‘Little’ Gets Big Laughs

by KB Burke on April 12, 2019

in Print Reviews,Reviews

[Rating: Minor Rock Fist Up]

Whether it’s Big or 13 Going On 30, waking up in a different-aged body has been a common trope in movies for years.

The new comedy Little puts a new spin on it when successful tech mogul Jordan Sanders (Regina Hall) is cursed by a little girl she insults and wakes up in her middle-school aged body (Black-ish’s Marsai Martin). With the assistance of her mousy assistant April (Issa Rae), she navigates humility and bullying to create a cute and funny comedy.

Is it Big in reverse? Not really.

Regina Hall is hilarious as a tyrant of a boss, with the mouth of Gordon Ramsay and no respect for anyone. Her adult Jordan is hell on wheels and the only one that seems to get her is her aspiring boyfriend (Luke James). I wanted more of her on the screen! 

The star dynamic occurs in every scene with young Martin and Issa Rae. Martin embodies Regina Hall’s Jordan as if she stepped into her Manolo Blahniks. She is the standout star in this movie. Rae brings her comedic timing to the big screen, reminiscent of her Insecure character. Despite the laughs, I hope she doesn’t get type-casted into these roles only because she has so much more to offer.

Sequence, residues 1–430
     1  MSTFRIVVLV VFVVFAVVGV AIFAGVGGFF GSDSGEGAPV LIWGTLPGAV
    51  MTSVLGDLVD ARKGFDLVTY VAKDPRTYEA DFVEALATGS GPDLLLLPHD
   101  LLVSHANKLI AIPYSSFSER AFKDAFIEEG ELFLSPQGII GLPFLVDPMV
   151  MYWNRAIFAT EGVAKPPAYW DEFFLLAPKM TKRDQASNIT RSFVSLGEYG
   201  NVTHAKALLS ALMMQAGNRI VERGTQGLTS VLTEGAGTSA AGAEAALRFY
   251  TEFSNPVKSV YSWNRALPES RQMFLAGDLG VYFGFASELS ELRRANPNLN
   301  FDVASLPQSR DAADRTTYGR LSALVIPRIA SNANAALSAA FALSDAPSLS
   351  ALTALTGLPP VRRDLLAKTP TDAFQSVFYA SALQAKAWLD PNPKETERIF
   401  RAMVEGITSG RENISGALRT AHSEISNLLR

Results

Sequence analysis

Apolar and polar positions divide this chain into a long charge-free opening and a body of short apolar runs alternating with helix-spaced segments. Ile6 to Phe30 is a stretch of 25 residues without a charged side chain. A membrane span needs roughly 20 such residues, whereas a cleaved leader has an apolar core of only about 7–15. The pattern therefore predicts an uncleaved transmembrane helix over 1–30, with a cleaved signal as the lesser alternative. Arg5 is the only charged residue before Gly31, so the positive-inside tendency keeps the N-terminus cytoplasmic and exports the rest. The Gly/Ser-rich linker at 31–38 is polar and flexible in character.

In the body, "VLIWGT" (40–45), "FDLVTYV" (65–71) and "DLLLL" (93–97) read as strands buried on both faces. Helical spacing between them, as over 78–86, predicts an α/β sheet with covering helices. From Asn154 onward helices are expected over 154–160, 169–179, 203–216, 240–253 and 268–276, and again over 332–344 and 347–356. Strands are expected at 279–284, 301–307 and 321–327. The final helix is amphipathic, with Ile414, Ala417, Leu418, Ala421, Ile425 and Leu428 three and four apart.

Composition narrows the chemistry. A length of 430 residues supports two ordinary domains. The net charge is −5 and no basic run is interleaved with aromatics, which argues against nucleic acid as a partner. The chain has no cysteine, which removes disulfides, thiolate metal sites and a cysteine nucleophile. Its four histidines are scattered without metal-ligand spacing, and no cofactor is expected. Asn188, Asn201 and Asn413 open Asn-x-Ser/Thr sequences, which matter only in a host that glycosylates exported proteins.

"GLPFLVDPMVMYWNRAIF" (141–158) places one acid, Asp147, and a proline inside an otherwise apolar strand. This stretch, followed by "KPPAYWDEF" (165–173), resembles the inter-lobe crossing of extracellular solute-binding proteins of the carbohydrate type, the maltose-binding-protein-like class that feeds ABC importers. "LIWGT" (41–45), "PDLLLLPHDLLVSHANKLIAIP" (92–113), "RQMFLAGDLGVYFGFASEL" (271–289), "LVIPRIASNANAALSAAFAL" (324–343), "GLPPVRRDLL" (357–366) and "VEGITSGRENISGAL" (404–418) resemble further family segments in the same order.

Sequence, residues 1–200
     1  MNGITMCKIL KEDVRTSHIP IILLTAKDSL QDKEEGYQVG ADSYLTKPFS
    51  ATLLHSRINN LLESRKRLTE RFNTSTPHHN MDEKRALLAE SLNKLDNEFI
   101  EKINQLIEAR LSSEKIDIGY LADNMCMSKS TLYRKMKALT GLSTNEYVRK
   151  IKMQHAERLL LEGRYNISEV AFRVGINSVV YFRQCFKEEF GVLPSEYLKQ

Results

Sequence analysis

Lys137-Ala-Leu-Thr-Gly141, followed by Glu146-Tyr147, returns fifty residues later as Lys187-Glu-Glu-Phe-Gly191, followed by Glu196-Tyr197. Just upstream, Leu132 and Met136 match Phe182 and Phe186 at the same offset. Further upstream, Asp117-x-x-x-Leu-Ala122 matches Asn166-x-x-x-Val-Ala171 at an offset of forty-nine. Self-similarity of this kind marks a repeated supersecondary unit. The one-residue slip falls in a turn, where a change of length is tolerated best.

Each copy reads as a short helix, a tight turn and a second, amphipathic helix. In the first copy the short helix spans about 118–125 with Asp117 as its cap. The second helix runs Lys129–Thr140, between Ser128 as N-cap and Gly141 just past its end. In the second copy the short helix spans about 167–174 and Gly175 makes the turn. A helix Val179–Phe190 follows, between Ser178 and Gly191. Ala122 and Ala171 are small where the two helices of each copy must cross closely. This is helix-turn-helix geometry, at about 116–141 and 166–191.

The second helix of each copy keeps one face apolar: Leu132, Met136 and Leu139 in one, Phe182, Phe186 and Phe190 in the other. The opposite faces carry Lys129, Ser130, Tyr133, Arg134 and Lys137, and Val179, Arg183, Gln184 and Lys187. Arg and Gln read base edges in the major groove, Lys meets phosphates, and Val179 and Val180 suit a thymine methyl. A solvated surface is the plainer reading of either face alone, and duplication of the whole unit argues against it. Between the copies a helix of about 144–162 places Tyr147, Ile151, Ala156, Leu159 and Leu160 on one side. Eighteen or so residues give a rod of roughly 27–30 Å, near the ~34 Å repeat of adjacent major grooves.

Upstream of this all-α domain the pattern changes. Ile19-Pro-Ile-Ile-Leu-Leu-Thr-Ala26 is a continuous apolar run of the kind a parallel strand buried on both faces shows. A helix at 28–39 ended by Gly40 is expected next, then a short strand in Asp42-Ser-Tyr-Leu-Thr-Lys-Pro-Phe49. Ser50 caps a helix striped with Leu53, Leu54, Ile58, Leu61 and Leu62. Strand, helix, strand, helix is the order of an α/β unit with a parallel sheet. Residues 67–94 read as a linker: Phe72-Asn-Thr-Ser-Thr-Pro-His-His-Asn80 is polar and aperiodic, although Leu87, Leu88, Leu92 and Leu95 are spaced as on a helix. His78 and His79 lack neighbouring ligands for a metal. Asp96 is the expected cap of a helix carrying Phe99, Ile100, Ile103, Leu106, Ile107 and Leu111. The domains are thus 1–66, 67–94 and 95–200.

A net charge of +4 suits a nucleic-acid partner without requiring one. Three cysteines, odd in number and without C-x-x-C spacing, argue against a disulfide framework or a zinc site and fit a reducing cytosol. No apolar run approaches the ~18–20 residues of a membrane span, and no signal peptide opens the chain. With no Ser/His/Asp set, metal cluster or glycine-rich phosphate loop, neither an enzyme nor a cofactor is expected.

In addition to the three main actors, the children turn in refreshing performances as well. The three kids who befriend young Jordan are adorable, and hold their own in their scenes.

The script by Tracy Oliver (Girls Trip) and director Tina Gordon has some jokes that fall flat (and one transphobic joke that shouldn’t be written for laughs in 2019) but overall it’s enjoyable and keeps the story moving. Based on a concept that Marsai herself pitched (she’s also an executive producer), there were opportunities to flesh out more jokes from the body transformation concept while keeping it PG-13 for general audiences. Still, we are treated to some true laugh-out-loud comedic moments.

With a great soundtrack to back it, Little tells a charming, funny tale that we may have seen before, but not like this. It’s a remix full of laughs and thankfully all of them were not shown in the trailers. It also has underlying themes of female empowerment and overcoming bullying that makes it endearing.

See it for Marsai Martin and keep watching as her star continues to rise.

KB is a native New Yorker/Midwest transplant who’s into tech, sports, and the arts, especially film and music. He still aspires to be a DJ in his other life. You can frequently catch him watching Hitchcock classics, film noir, and anything Star Wars.


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